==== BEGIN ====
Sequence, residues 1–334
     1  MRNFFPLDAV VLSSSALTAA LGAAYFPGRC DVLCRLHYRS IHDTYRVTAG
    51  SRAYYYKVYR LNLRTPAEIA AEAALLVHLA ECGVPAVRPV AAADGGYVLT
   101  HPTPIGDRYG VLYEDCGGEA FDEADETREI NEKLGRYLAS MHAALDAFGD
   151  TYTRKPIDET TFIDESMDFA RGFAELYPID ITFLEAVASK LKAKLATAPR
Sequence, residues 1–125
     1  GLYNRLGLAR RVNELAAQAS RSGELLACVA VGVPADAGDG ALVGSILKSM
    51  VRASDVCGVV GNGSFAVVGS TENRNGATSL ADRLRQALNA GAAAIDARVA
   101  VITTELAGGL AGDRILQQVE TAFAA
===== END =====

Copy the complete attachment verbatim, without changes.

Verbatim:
Sequence, residues 1–334
     1  MRNFFPLDAV VLSSSALTAA LGAAYFPGRC DVLCRLHYRS IHDTYRVTAG
    51  SRAYYYKVYR LNLRTPAEIA AEAALLVHLA ECGVPAVRPV AAADGGYVLT
   101  HPTPIGDRYG VLYEDCGGEA FDEADETREI NEKLGRYLAS MHAALDAFGD
   151  TYTRKPIDET TFIDESMDFA RGFAELYPID ITFLEAVASK LKAKLATAPR
Sequence, residues 1–125
     1  GLYNRLGLAR RVNELAAQAS RSGELLACVA VGVPADAGDG ALVGSILKSM
    51  VRASDVCGVV GNGSFAVVGS TENRNGATSL ADRLRQALNA GAAAIDARVA
   101  VITTELAGGL AGDRILQQVE TAFAA